Share Facebook Twitter Google + LinkedIn Pinterest By Matt ReeseIt doesn’t take a scientist to understand the challenges of agricultural crop research. Different soil types, constantly changing weather patterns, different plant hybrids and varieties, and human/equipment error are just a handful of the vast number of variables in agricultural research that can make it difficult to find real, reliable answers to important crop production questions.Replicated trials on small plots help account for the variability, but every farmer knows there is nothing more relevant than research conducted at the field scale on their farms, in their management systems, with their weather, and their soil types. Researchers know the value of these on-farm research efforts as well, and they are looking to do more in Ohio.Paul Ralston in Hardin County has conducted his own research on his farm for several years to hone his production practices and was quick to start working with Ohio State University Extension researchers when he had the opportunity to participate in the eFields program.“It has been pretty simple. It was research we were going to do anyway. We got some help from the good folks at Ohio State who helped implement it and keep track of all the records and such. It also gets it out to other people so they can find value and use the research too. It legitimizes the data that I produce on my farm,” Ralston said. “But just because it works on my farm doesn’t mean that it is going to work on everyone’s farm.”The eFields program uses modern technology and information to conduct on-farm studies to help farmers and their advisors understand how new practices and techniques can improve farm profitability. Current projects are focused on precision nutrient management strategies and technologies to improve efficiency of fertilizer placement, enable on-farm evaluation, automate machine functionality, enhance placement of pesticides and seed, and to develop analytical tools for digital agriculture. OSU Extension has been ramping up these efforts and all of those on-farm projects are published in the annual eFields Report.“Everyone needs to look at eFields as a guideline to start some research on your own personal farm and expand it from there. It provides help, equipment and expertise from others so you can find value not only on your farm but others can find value for their farms too,” Ralston said. “We’ve done a soybean population study and also a corn nitrogen timing study. The soybean population study was something that I had a challenge with. We have some very high organic matter soils that we have a hard time getting an average soybean yield on. We wanted to figure out where we could pick up some dollars there. We found that lowering our population and cutting back on seed is actually picking up bushels. Rather than getting vegetative growth we are getting more bean production. And as far as the nitrogen timing, that is something we were doing anyways.”Looking forward, Ralston is considering other on-farm research projects.“I’ve been really interested in sidedressing livestock manure. I don’t personally have any livestock, but I have neighbors always looking to manage their manure and apply it in the best way possible. With all of the regulations we see coming, making sure we are doing the right thing is really important,” Ralston said. “Finding good research and sticking with it is what we like to see. We are going to continue with these kinds of studies.”Sam Custer is an Ohio State University Extension educator in Darke County and said each year of on-farm trials offers valuable insight because of the wide number of variables in the research from farm to farm and year to year.“Agronomically, the first thing you have to look at is your soil pH and your nutrient levels. If you want to try this out, let me help you put together a randomized plot,” Custer said. “So many times we do side-by-sides and we don’t pick up the variance in our fields. Let’s put together a randomized plot. Let me help you do the research on some of these practices so you can prove it to yourself.”Research on topics including disease treatment efficacy and seeding rates are valuable to look at each year in farm fields to watch for trends.“We have been doing corn seeding rate trials in Darke County for years now. Over that period of time, 33,000 is probably the sweet spot for our county. In 2018 we had very good corn yields across the county. Economically, 30,000 came out as the sweet spot on three different corn seeding rate trials. It is the size of the check you take to the bank that I think is the most important,” Custer said. “We saw frogeye leaf spot pop up in Darke County the week of July 4. A lot of our farmers don’t realize that one lesion in 25 feet of row in our soybeans can affect yield. We found that early and sprayed it and got a great economic return on that application. Even on the soybeans that are resistant, the economic response to them was even higher than those that were not resistant. Across the state, south of U.S. Route 36 was that cutoff of where it paid for itself. North of 36, if you sprayed fields that didn’t have frogeye, don’t expect a return.“We are seeing seeding rates for soybeans coming down. In 2018 there was no significant difference in seeding rates from 80,000 up to 240,000. Remember the year we had though, almost every soybean germinated and had a viable plant at harvest. We don’t always have that. A lot of times we get an 80% germination rate so I’m not ready to tell anyone to go to 80,000. Around 130,000 seems to be the sweet spot in Darke County, but in the future we are going to start looking at some lower rates to see how low we can go.”And while, eFields on-farm research can be very valuable in making farm decisions, the specifics need to be carefully considered as well.“With nitrogen rates, for example, it was interesting in 2018. With the ample rain we got in most of the state, we thought that it might push that N rate calculator we use a little bit, but the numbers were still right on. So we are really confident in what we have been sharing and advising people to do with those rates,” Custer said. “But before you take a look at the document and make major management changes, you need to remember a lot of this is single year data and we had an unusual year with lots of rain in 2018. Keep that in mind. We looked at 2X2X2 placement, for example, and what we found in 2018 was no significant difference of 2X2X2 versus a typical 2X2 application. That is only one year of data.”There are more eFields projects already underway for the third year of the program in 2019 and Ohio State University is looking to further expand its on-farm research efforts with interested participants, said Elizabeth Hawkins, a field specialist with Ohio State University Extension.“Our goal with eFields is to bring local results to farmers in Ohio. Farmers identify with seeing research results as they play out on their individual farms. It gives them the opportunity to test different practices that they maybe have been thinking about incorporating on their farms. They can get a better idea of how they will work and whether they will pay off,” Hawkins said. “We saw a need to do a better job of standardizing some of our Extension protocols around the state and then communicating those results more broadly. We have seen tremendous growth and excitement around this program. We are seeing more farmers getting involved and learning together with Extension. I think it is a great movement. From year one to year two we doubled the number of trials in Ohio and we are already seeing growth moving into 2019.”Farmers interested in cooperating with an on-farm Extension research project in 2019 or in the future should contact the local county Extension educator. A hard copy of the 2018 Report is available for free at county Extension offices and online at https://digitalag.osu.edu/efields.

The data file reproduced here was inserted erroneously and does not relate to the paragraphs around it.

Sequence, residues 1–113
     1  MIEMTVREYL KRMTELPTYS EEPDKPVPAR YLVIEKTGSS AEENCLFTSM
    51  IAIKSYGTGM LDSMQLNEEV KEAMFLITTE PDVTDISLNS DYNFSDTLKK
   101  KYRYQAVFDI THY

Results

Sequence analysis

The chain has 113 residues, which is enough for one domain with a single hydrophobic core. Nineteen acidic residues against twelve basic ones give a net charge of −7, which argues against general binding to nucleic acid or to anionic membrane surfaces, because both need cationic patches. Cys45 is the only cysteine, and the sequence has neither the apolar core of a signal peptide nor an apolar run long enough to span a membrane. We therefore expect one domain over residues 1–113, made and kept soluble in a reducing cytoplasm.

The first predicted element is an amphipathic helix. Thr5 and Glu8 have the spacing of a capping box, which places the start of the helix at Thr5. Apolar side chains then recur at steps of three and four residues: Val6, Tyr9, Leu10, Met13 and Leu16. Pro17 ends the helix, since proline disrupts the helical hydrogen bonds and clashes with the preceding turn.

What Type of Mobility Do You Need?The next big question you need to ask yourself: what type of mobility do I need? Do you need to attach a camera to a car? Do you need to run behind or in front of a character? Or perhaps you need to get an aerial shot?By answering this question, you can determine if you need a 3-Axis Gimbal, Steadicam rig, or even a drone. While a drone itself is not a form of stabilization, there are gimbal options for just about every drone which allow you to capture amazingly smooth footage. You’ll see what I mean in this video from Black Oak Creative, which features a DJI Phantom/gimbal rig. Camera stabilizers can certainly put a dent in your budget. Here are some things to consider before making this big purchase.Top image from Tested: Steadicam inventor Garrett Brown on the set of The ShiningMost audiences love a smooth and steady shot, but in order to capture that shot (especially when you’re on the move), you need some sort of stabilization. When looking to purchase such stabilizers for your equipment load-outs, we need to ask ourselves a few questions before we drop any cold hard cash.Do You Really Need a Stabilizer?This is the very first question that you should ask yourself. Do you really need a stabilizer? Don’t just by a stabilizer because others around you have. You need to have a sure-fire purpose for buying a stabilizer — because a quality stabilizer is going to cost you some money.If you really can’t spend the money on high-end stabilizers, then you should look at something like ReelSteady software for After Effects that allows you to stabilize your footage in post. For more on this check out this write-up on RocketStock.Video from Robert McIntoshWill You Use Stabilization Often?Another question that you need to ask yourself early on is how often you will be using stabilization. If you answer this question by saying you’ll only use the stabilizer a few times, then you really should rethink your purchase.However, if the stabilizer is something that you’ll be using over and over again, you may want to invest some serious money in a nice stabilizer rig. Just remember… whatever you purchase, there is an art to using the device. Check out this video from LOGIC FILMS as they show us the art of the Steadicam in the film Elysium. How Heavy Is Your Camera Load-Out?This is going to be a very important question that you need to answer as soon as possible. Knowing the weight of your camera load-out will determine how much you need to spend for stabilization, as not all stabilizers can accommodate heavier amounts of weight.Cheaper stabilizers can handle lighter camera loads, while the more expensive stabilizers like the MoVI M15 can handle up to 15lbs of camera load, which should cover a number of higher-end cameras. Here’s some test footage of the high-end RED EPIC from the Freefly Systems YouTube page. Setup Time and Compactness?You’ll want to also make sure that you know exactly how long the setup time is for each stabilization option. This is important information to know… you don’t want to waste shooting time trying to setup your stabilization option. Also, you’ll want to know how compact the stabilization option is as well.This information will really come in handy if you have to do any major traveling. For instance, I worked on a film last year where we used a Steadicam. I learned ahead of time how to break down the Steadicam and fit it all into a pelican case. So, if you’re using a Steadicam or Glidecam like we were, then you can find ways to make it compact enough to travel. Then you too will be able to capture great images like Allan Dixon did in the Australian Outback. What is Your Budget?Probably the most important question, other than the first two, is the question of budget. Just like with any other equipment that you have to purchase, you need to make sure that you budget appropriately for it. As we stated above, the heavier the camera load-out, the more expensive the stabilization rig will be.Once you have set aside the necessary income to purchase your preferred stabilization, then you can begin to explore the types of shots that can be achieved using your preferred option. Before you know it, you’ll be able to capture shots like Garrett Brown did for Stanley Kubrick in his 1980 film The Shining, which was one of the very first films to utilize the Steadicam… and in turn change the way we see movies.Video from TheElstonGHave you used stabilization in your work? What types of stabilization solutions do you use? Let us know your thoughts and your experiences below.